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Have you recently experienced any injuries or falls that might have affected your lower back or pelvic area? Are you experiencing deep-seated pain in your low back area? If so, this blog is for you. The pain could be originating from the sacroiliac joint (SIJ). It is predicted that 85% of people experience low back pain in their lifetime; out of which in 25% of these patients, the sacroiliac joint may be the cause of the pain.

What Is This SI Joint?

The sacroiliac joint is a joint located in your lower back, connecting your spine to your pelvis. Think of it as a bridge linking your spine and hips. The motion of the sacroiliac joint is very minimal and limited to 2 mm to 4 mm in any direction.

sacroiliac joint in spine

What Causes Sacroiliac Joint Pain?

There is a wide variety of causes, such as falling onto your buttock, suddenly lifting heavy objects, or experiencing an indirect injury from a motor vehicle collision. Athletes who engage in repetitive movements, like runners or cyclists, may develop SI joint pain due to overuse.

Why does post-pregnancy SI joint pain occur?

Post-pregnancy SI joint pain is a common issue that many women experience due to the significant changes their bodies undergo during pregnancy and childbirth. It occurs because of hormonal changes in the body, which cause the ligaments around the SI joint to loosen, increasing pressure around the SI joint and potentially leading to Pain around the joint.

How Can You Determine if the Pain Originates from the SI Joint?

Typically, SI joint pain manifests as a dull, aching sensation in your lower back, which can radiate to the hip, buttocks, and groin. This pain tends to intensify during specific activities such as running, climbing stairs, turning in bed, putting on pants, or standing for prolonged periods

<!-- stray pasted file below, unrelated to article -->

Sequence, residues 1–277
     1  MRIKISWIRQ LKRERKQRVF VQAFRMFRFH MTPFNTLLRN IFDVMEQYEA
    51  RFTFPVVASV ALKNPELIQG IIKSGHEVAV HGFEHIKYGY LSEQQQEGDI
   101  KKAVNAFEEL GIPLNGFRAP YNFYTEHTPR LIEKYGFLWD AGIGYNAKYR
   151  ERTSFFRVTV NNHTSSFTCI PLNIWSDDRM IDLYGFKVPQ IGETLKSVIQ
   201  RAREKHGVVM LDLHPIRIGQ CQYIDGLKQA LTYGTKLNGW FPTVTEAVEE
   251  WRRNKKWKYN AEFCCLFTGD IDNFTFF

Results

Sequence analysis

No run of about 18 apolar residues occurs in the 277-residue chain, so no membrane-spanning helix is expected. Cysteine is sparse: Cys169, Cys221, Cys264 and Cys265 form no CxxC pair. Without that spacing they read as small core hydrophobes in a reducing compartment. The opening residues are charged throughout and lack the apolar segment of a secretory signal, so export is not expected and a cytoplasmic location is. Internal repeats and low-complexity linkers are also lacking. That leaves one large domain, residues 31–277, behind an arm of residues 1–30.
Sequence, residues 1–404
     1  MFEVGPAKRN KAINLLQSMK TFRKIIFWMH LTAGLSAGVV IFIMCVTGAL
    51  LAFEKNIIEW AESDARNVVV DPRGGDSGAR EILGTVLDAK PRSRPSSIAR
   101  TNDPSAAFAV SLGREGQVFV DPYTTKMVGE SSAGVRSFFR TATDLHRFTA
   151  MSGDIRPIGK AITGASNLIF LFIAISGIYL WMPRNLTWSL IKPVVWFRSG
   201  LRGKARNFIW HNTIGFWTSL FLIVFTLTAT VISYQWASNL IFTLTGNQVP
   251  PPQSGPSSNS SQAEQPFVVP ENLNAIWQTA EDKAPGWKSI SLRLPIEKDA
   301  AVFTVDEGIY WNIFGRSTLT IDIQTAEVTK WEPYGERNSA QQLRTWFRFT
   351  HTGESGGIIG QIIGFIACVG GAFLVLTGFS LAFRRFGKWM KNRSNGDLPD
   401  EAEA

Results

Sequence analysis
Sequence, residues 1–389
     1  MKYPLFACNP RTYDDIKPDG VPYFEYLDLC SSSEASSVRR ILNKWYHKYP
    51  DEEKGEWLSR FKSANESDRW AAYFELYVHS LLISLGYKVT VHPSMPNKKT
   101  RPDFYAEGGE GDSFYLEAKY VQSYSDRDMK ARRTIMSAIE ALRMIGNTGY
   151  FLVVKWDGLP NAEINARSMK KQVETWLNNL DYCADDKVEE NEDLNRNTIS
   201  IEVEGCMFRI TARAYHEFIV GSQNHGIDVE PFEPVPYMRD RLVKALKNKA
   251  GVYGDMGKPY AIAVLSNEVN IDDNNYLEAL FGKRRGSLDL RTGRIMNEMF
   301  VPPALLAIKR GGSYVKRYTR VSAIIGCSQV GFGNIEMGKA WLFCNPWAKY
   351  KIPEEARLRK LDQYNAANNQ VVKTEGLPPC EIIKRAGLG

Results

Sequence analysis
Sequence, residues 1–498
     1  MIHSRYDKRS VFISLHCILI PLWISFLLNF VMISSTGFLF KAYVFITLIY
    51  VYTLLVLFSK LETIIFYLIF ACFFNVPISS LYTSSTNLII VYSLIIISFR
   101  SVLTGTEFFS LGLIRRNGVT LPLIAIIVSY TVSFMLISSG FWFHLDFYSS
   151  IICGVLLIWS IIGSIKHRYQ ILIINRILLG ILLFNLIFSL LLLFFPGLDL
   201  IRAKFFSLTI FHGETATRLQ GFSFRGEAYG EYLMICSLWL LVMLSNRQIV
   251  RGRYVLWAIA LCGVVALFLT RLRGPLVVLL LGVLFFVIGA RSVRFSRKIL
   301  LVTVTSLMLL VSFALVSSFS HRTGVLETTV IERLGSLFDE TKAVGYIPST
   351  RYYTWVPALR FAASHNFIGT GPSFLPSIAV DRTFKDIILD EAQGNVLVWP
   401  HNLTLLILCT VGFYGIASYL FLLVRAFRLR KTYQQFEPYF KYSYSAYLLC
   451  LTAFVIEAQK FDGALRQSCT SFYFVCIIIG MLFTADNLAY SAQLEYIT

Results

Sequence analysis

post pregnancy pain

How Can It Be Diagnosed?

Diagnosis involves a thorough physical examination, including posture assessment and specialized tests to evaluate SI joint mobility. For instance, the FABER test is performed by lying on your back, bending one leg at the knee to create a "4" shape with your ankle resting on the opposite knee. Gently pressing down on the bent knee while keeping the other hip stationary can confirm SI joint pain.

faber test

How we at PhysioQinesis can Assist you in Treating This Condition?

The goal of physiotherapy is to reduce inflammation at the injury site and provide rehabilitation exercises to strengthen the muscles supporting the SIJ.

Pain management: - It encompass mobilization (Grade 1), Ice therapy, kinesio taping, and activation of surrounding muscles. These interventions aim to restore mobility, alleviate pain, and enhance function.

Exercise: -It helps improve the strength and flexibility of the muscles surrounding the SI joint, which can improve the muscle imbalance.

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